Unhappy After Six Months? How to Troubleshoot Chronic Job Hopping

For most people, the job hunt itself is stressful. It’s hard to get your resume just right. It’s hard to get the interview.The offer is even harder.

For others, though, the process is a little too easy. They blast through the job hunt process and accept the new offer, only to find themselves unhappy and looking within six months.

We all make mistakes, so realizing a job isn’t a good fit early on isn’t a bad thing. However, if you find yourself falling into a pattern of accepting jobs and becoming quickly dissatisfied, it may signal a mismatch of expectations and goals.

If that sounds like you, here are four questions you should ask yourself during your job hunt to  help you zero in on an opportunity you will actually enjoy:

1. Where do I fit in?

Finding the right culture fit can be very difficult. And that often contributes to high turnover and job-hopping as you figure out what you like and don’t like. It makes sense that this would be difficult because it’s hard to get a true feel for a company’s culture from an hour-long interview.

For this task, you have two tools at your disposal. First, use your computer to investigate each company’s employer brand. This will give you a sense of how the company approaches its culture and how you would fit in before you take the tour. You can also set an expectation for the environment itself and see how it measures up to your in-person interview.

Second, Simply Hired’s recent partnership with eHarmony offers a tool to track down job opportunities based on culture fit rather than location or openings. Check it out.

2. Who do I enjoy working with?

You need to find “your people” whom can help you enjoy a working day and de-stress when the day is done. Take a piece of paper and consider all of your former coworkers. Who did you connect with right away? Who did you have trouble connecting with? Try to see beyond roles and positions and into character and personality. Write down the traits that come to you and use that list to help you identify the right work environment for you.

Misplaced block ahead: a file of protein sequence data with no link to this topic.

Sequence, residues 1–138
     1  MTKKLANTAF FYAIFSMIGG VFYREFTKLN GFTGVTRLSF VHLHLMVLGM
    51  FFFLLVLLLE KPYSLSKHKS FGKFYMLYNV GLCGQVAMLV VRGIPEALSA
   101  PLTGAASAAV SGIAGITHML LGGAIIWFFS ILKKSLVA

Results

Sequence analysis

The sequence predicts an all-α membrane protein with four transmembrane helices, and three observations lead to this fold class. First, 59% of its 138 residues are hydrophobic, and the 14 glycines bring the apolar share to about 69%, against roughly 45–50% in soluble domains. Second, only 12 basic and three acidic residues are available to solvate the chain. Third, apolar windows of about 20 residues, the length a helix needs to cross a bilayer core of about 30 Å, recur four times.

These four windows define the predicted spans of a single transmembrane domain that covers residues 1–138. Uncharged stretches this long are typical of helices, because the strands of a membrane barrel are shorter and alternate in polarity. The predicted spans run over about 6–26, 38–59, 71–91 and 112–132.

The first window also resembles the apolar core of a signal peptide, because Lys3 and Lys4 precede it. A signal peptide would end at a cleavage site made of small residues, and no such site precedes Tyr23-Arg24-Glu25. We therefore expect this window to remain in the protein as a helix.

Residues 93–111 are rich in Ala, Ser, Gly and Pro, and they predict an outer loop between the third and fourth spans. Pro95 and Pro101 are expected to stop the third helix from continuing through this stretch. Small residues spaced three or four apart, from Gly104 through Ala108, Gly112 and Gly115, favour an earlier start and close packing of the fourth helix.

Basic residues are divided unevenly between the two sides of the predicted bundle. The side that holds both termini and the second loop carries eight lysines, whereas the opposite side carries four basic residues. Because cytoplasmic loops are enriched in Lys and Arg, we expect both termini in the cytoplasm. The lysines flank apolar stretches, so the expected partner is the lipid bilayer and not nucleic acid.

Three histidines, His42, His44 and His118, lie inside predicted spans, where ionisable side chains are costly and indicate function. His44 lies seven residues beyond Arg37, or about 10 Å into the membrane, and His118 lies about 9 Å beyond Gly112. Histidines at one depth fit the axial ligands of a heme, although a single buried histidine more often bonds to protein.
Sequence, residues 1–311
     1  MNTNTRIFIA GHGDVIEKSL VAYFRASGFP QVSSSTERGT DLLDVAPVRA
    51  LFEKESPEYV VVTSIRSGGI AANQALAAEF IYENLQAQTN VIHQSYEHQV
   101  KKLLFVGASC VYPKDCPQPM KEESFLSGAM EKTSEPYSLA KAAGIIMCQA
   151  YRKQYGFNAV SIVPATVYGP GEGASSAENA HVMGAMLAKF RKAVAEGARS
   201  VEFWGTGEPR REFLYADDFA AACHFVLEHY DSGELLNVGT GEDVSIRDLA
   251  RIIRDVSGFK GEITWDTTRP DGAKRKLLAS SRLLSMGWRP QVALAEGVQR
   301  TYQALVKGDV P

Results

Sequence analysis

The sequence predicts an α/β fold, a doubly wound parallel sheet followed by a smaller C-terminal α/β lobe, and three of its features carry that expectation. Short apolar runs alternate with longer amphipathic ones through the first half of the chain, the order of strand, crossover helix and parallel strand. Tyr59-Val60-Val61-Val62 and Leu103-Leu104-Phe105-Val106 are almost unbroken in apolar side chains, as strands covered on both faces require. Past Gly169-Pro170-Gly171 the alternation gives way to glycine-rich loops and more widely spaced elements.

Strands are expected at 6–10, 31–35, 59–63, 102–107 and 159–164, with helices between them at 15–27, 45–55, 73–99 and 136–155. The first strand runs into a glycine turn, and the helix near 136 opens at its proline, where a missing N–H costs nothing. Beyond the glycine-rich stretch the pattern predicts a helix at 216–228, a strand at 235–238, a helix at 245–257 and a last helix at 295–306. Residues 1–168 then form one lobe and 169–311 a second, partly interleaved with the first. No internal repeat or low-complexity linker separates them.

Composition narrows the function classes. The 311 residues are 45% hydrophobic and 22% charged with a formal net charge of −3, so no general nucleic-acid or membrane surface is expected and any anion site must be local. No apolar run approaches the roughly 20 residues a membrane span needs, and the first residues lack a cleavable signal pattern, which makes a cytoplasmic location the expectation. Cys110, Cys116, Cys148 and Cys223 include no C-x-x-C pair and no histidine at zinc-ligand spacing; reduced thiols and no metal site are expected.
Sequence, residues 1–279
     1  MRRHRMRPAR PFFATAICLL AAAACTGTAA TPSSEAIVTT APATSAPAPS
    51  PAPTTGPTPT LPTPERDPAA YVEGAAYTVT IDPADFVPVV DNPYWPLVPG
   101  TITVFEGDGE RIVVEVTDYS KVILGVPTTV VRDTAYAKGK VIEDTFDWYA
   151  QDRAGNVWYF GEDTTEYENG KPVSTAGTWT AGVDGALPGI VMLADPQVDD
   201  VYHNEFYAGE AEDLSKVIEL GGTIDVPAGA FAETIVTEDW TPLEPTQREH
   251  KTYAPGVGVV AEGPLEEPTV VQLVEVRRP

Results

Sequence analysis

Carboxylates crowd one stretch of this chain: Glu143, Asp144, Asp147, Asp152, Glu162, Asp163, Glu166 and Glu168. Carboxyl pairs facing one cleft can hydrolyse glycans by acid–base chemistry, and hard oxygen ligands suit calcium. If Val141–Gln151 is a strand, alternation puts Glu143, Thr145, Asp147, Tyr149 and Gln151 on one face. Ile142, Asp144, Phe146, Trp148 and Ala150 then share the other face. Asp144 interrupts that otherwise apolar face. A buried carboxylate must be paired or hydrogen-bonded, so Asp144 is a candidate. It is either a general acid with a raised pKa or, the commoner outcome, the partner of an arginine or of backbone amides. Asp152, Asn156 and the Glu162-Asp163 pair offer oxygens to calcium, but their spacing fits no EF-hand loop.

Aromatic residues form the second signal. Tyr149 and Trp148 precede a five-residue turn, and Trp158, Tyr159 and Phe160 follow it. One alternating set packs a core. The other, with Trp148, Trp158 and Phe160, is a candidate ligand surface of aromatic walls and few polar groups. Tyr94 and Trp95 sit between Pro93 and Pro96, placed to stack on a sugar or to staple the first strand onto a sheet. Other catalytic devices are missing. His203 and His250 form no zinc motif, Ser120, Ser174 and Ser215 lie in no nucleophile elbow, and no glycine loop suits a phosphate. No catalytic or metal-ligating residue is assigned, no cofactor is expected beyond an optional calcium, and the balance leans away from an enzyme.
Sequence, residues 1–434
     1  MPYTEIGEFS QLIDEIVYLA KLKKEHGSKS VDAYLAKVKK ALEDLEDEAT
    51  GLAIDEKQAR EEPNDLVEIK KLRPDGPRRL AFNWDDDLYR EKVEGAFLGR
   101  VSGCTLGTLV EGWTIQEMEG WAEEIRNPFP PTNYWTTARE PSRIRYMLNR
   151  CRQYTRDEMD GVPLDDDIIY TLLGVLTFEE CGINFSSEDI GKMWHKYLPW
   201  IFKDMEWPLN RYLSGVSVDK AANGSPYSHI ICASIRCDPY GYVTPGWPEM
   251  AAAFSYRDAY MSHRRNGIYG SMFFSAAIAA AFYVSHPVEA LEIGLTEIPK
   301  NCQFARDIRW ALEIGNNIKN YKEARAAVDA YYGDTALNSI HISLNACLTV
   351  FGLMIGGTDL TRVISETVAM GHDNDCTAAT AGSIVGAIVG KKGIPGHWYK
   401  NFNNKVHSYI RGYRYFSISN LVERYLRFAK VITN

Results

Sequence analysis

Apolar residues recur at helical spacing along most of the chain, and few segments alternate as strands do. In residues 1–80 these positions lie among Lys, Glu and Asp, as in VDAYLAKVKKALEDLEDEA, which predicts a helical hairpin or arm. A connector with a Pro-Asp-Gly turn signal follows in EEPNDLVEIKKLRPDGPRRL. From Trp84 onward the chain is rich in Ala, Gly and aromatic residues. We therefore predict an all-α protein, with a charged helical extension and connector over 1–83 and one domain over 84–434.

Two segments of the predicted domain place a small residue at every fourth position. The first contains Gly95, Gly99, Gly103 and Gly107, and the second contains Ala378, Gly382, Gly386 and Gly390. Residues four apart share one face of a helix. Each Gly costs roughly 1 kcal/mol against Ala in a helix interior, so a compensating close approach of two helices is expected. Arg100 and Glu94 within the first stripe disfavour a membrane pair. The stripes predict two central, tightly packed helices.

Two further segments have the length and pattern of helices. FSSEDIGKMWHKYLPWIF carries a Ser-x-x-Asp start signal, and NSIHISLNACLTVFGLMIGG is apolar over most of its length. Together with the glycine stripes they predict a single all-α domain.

For example, perhaps you felt very closely connected to several people in different  offices because of a random shared hobby of bike racing. Why not connect with a local bike racing group and see where the happiest people work? You don’t need to follow their lead and apply to their company, but you may discover some actionable trends that you can apply to your own job hunt, such as everyone working at small companies, large companies or startups. That’s the kind of hint that can help you pursue a job you can enjoy beyond a few months.

3. Who do I want to serve?

Every job is a service job. Whether you’re on the executive team or in the warehouse, the ultimate purpose of your job is to help the company’s customer do something better. Who do you actually want to help? Which industries and causes speak to you? You may not end up in a nonprofit because of this desire, but it can help you identify groups of people you want to serve that will help you connect with the job you’re doing.

For example, if you love pets and animals, consider looking for work in an industry related to them. Look at corporate positions at companies such as Petco or Care.com, or use Simply Hired’s custom search for dog-friendly companies. Working a job like accounting or account executive will be easier if your values align with the company’s overall mission.

What is this company really offering?

If you follow these steps and identify a great opportunity, don’t jump on it just yet. If all of these values align, it still might not be the right opportunity for you. Be careful about assessing the opportunity and the responsibilities accurately to make sure that the reality will align with your expectations of the position.

To better align your expectations with the day-to-day, ask every question that comes to mind. Ask about the job’s responsibilities, daily schedule and biggest frustrations. Ask why the last person moved on or what this role is typically like five years from now.

Give the interviewer every opportunity to paint a detailed picture of the position so that you are well-informed about the downsides as well as the upsides. You may hesitate to “cause a fuss” in an interview, but this works both ways. HR managers want to connect with thoughtful, confident employees who want to work for them. Asking questions in a professional and respectful manner will establish your transparent and detailed work ethic.

Have you taken a new job only to find out it’s not a good fit a few months in? Leave a note in the comments to share how you plan to avoid this scenario the next time around.